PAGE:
Bœuf Bourguignon

Enter bœuf bourguignon into an English-language search engine and you will find many minor variations of Julia Child’s classic from her Mastering the Art of French Cooking (New York: Alfred A. Knopf, Inc. , 1961) 315-317. But type the same term into a French-language search engine and you will find a much richer variety of recipes. One that I found especially intriguing was Joue de Bœuf Bourguignon, beef cheeks, which strikes me as likely to be the original version of what is clearly a peasant dish. And the wine would likely have been equally modest, probably some that had passed beyond drinkability. The recipe here is one with a Québécois flair that I translated and adapted from the web site Femmes Québec (you can find the original here). Their introduction to the recipe sums up the dish perfectly: “This tasty dish is one of the most famous in French cuisine. You can prepare it in advance and keep in the refrigerator for a day or two before serving: it will never be better. Or you can freeze it in individual portions for a good month. Serve it with boiled potatoes, noodles, or rice as you wish.” Oh, and in case anyone asks, this is technically not a stew but a braise because it is cooked in the oven.

Ingredients

  • 3 rashers of bacon, about 2 ounces, cut crosswise into matchstick-sized pieces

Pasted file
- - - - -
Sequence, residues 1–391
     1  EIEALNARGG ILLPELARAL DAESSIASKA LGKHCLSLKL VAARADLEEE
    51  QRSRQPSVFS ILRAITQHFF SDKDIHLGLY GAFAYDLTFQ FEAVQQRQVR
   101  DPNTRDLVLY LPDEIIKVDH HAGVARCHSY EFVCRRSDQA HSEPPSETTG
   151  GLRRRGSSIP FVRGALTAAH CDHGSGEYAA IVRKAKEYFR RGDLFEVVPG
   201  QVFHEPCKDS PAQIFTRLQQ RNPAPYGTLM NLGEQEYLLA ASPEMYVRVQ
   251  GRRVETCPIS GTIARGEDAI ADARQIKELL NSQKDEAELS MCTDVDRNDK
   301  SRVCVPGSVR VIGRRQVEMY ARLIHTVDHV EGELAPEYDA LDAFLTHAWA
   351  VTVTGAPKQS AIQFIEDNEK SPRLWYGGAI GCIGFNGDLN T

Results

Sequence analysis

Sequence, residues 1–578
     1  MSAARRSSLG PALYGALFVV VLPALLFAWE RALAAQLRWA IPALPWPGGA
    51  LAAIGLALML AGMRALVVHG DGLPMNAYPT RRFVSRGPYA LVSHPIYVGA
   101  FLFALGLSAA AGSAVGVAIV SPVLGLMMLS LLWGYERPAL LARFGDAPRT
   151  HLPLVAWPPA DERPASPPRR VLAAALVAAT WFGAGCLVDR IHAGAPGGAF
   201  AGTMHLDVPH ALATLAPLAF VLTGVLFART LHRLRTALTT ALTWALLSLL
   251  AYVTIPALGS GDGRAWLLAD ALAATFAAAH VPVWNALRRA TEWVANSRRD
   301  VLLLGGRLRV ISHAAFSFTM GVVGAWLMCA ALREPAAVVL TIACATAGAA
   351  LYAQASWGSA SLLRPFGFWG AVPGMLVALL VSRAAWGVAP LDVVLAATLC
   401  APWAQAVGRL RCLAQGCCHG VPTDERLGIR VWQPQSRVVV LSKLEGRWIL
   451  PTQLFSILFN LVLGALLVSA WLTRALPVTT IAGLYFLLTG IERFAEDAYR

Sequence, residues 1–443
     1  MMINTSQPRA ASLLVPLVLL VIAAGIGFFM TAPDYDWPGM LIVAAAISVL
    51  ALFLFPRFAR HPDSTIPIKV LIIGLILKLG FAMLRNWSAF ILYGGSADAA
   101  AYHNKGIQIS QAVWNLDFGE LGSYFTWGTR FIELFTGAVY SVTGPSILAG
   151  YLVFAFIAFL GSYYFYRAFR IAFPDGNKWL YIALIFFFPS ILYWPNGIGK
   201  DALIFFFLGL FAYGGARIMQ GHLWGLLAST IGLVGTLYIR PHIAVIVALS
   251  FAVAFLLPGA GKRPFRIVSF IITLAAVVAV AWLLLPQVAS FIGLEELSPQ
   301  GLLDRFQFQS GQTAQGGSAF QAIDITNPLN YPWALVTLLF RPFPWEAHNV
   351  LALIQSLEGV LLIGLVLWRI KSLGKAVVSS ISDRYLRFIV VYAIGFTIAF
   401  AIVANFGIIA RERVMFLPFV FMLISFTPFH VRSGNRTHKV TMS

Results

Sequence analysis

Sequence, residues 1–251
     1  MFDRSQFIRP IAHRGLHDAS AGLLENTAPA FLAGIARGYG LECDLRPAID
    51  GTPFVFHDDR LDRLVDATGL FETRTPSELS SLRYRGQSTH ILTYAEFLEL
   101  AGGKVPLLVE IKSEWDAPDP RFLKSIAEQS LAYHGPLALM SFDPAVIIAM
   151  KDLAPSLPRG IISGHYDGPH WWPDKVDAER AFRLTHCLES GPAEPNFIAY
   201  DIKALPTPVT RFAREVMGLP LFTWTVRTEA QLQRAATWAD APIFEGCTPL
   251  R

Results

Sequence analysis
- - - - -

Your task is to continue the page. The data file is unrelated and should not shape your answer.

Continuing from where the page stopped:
• Olive oil
  • 2 pounds lean beef, cut into 1 to 2-inch cubes, I use sirloin tip
  • 2 medium onions, about ½ pound, cut into ½-inch dice
  • 2 carrots, about 4 ounces, cut into ½-inch rounds  
  • ½ pound mushrooms, quartered
  • ½ tsp. salt
  • ½ tsp. freshly ground black pepper
  • ¼ cup flour, I use white rice flour
  • 2 cups dry red wine
  • 1 cup beef stock
  • 1 Tbsp. tomato paste
  • 3 or 4 cloves garlic, crushed
  • ½ tsp. dried thyme
  • 2 bay leaves
  • 2 Tbsp. fresh parsley, minced, or 1 Tbsp. dried

Method

Preheat the oven to 325°F (160°C). Pat the beef cubes dry with paper towels; they will not brown properly unless they are completely dry.

Film the bottom of an enameled Dutch oven with a bit of olive oil and set over medium-high heat. When hot add the bacon and cook until the fat is rendered out and it begins to crisp, about 4 or 5 minutes. Using a slotted spoon remove the bacon, leaving as much fat as possible in the pot, and set aside.

Working in batches so that the beef cubes are in one layer and not crowded, brown the meat well on all sides, about 5 minutes, adding a bit of olive oil between batches if needed. Remove each batch to a bowl. Do not be tempted to rush this step; thorough browning ensures the best flavor.

Turn the heat down to medium and adjust the oil in the pan. Sweat the onions and carrots for 3 minutes then add the mushrooms and salt. Sauté, stirring often, for another 5 minutes or until the mushrooms become fragrant and begin to give up their liquid. Remove the vegetables and mushrooms to bowl and set aside.

Turn off the heat and return the beef cubes to the pot. Sprinkle on the flour and mix with a wooden spoon to coat the meat evenly. Pour on the wine and stock. They should just cover the meat. Turn the heat to medium-high and stir, scraping up any bits stuck to the bottom of the pot. Stir in the tomato paste, garlic, thyme, and black pepper. Return the mushrooms and vegetables to the pot along with the bay leaves. Bring to a boil, cover, and place in bottom of the oven for 2 hours. Add the parsley before serving. If using dried parsley let it sit in the broth for about 10 minutes to rehydrate.

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